Relationships in our lives change. Regardless of the circumstances, you may still feel some feelings about how a certain relationship has transformed. These emotions may start to resemble grief, with feelings of tremendous sadness, confusion, or emptiness. This phenomenon is known as ambiguous loss. It describes the feeling of loss without closure. There are two types of ambiguous loss described by Dr. Boss, the originator of the idea: physical and psychological, or Type-One and Type-Two.
Type-one ambiguous loss is physically-based. Dr. Boss describes it as “physical absence with psychological presence.” In other words, there is a possibility that your loved one is or could be alive, but they are apart from you in a physical way. Remember, that because this loss is ambiguous, it is not the same loss as grieving a parent or friend who has recently passed and whose body you can see or assume is in the casket.
Type-one ambiguous loss addresses a physical loss that happens when you’re unsure of if your loved one has actually died or if you know they are alive but you cannot have any contact with them.This separation can be planned or unplanned. For example, a mother of a kidnapped child or a family split into different refugee camps may experience type-one ambiguous loss. This style also includes people presumed dead or left unaccounted-for after natural disasters, wars, and acts of terrorism.
Another style of type-one ambiguous loss addresses loss of contact with a person who you know to be alive. You may even know exactly what is going on with them in their life. You may know the exact address and cellblock of your incarcerated loved one, but they are not easily available to you. This version of type-one ambiguous loss also includes breakups, adoption, military deployment, and immigration separation. You know that these people are still alive and going about their day, but they aren’t fully present in your life in the way you might want them to be.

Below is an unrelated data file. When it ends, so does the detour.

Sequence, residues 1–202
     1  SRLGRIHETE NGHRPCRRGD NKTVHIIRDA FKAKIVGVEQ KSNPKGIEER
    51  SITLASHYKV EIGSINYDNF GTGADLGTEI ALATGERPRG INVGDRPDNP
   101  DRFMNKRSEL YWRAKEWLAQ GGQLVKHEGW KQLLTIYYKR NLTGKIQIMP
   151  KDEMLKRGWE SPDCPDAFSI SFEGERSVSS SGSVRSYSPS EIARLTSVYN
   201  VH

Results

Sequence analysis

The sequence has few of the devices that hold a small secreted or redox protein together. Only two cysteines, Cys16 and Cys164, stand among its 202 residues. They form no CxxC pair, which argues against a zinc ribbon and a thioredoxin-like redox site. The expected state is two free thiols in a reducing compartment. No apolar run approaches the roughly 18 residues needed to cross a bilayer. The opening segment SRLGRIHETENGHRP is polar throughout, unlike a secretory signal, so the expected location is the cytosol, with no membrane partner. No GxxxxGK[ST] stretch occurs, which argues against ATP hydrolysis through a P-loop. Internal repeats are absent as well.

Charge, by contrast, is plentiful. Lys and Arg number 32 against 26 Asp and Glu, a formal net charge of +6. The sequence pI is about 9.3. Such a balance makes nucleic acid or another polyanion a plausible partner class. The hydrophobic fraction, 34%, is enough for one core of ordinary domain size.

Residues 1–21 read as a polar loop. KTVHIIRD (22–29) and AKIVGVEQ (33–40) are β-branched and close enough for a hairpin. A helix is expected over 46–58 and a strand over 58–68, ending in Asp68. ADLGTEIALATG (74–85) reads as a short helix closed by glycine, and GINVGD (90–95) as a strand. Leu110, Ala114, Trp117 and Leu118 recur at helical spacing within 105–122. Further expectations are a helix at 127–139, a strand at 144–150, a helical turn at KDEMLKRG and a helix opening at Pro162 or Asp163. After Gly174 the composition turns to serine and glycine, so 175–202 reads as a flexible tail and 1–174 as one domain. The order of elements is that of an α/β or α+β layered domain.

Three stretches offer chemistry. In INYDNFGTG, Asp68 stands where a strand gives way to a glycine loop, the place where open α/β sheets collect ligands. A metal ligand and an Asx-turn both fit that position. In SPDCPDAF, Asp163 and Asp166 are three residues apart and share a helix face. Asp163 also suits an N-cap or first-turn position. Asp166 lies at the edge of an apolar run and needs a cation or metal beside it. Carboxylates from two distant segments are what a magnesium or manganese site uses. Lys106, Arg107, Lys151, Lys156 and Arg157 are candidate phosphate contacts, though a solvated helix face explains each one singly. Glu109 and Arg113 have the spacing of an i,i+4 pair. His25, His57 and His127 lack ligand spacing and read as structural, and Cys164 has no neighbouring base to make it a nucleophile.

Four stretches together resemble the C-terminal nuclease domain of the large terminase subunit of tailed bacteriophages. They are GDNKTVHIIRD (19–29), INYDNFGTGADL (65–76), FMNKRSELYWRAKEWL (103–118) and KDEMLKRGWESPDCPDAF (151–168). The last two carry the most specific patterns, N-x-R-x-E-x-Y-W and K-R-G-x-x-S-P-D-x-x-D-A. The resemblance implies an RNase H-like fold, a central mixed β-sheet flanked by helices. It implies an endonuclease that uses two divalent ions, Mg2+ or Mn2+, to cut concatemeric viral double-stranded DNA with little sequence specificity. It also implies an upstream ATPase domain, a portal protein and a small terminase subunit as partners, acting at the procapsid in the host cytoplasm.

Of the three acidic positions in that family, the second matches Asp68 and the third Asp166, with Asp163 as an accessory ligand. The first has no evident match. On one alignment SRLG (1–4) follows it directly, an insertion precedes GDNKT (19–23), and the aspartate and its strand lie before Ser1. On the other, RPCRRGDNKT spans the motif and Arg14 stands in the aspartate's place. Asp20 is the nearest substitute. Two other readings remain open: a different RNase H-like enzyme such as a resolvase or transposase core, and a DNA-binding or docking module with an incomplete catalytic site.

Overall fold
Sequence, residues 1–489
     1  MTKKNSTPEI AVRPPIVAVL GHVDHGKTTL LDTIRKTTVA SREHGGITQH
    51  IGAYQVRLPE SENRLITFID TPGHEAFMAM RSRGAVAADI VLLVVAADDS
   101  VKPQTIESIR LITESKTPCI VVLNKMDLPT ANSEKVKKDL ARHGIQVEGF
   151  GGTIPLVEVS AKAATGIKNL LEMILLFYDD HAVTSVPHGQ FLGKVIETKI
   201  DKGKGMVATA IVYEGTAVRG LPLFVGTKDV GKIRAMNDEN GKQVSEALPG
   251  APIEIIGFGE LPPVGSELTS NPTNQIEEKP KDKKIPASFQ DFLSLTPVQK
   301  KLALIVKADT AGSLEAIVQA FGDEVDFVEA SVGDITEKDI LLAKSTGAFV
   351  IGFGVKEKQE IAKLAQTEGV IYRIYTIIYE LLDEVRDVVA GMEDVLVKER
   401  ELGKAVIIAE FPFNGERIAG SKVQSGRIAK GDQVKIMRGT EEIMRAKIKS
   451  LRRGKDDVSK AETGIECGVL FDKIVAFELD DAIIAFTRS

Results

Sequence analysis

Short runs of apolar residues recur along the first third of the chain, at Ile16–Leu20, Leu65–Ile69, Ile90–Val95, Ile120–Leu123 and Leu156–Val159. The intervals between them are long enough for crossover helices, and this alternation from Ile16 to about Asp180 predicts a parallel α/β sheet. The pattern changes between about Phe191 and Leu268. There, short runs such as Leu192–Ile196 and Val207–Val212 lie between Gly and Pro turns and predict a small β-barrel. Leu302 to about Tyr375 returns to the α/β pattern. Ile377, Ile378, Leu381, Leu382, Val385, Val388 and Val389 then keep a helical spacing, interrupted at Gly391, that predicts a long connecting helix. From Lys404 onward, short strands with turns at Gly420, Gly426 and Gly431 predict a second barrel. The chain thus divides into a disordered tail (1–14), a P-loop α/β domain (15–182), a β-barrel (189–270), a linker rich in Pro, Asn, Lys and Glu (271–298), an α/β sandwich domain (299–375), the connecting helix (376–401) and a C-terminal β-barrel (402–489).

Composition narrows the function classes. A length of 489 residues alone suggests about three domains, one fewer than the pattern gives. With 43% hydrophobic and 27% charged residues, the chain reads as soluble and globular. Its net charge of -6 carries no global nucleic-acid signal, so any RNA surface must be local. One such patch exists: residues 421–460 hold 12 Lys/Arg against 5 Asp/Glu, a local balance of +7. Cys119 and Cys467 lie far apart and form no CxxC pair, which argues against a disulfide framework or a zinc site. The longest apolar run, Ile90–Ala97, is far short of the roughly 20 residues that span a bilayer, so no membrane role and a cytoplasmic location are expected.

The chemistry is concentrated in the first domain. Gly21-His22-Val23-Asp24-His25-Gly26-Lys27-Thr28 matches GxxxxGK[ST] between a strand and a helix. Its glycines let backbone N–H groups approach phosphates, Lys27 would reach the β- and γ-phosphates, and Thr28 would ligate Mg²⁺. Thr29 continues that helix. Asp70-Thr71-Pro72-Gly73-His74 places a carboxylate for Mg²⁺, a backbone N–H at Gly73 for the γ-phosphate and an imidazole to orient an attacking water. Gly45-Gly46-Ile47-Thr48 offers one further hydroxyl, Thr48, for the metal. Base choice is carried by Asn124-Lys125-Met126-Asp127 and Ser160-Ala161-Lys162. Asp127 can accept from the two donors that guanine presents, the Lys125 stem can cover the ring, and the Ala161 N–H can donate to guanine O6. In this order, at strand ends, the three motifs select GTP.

Type-two ambiguous loss addresses those who are physically present, but psychologically not-there in the way we’d like for them to be, the inverse of type-one. An extremely common version of this exists in long-term couples who have grown distant from one another. They miss the person their partner used to be despite their partner still physically laying in bed with them each night. This is also seen in loved ones with drug addiction, mental illness, or any other mental incapacitation. Their physical bodies remain, but their emotional and cognitive presence is different.
In more recent years, Dr. Boss has begun to address a loss beyond type-one and type-two. This yet-unnamed third type has to do with mass, long-lasting or worldwide events. In the wake of the COVID-19 pandemic, many mental health professionals noticed a widespread feeling of loss and frustration from the encounters and energy taken from and experienced during the pandemic. This includes missing out on events, socialization, time with a loved one, businesses forced to close due to pandemic-hardship, or even freedom occupying a crowded space without worry of disease. This can also be seen generationally, such as the effects of systemic racism or apartheid.
If you’re feeling the effects of ambiguous loss or a general sense of dissatisfaction in your life, we can help. At Valued Living Therapy, we offer in-person therapy sessions in the Twin Cities area and via telehealth throughout Minnesota. We are inclusive of all relationships, sexual orientations, and identities, and passionate about helping you make lasting change.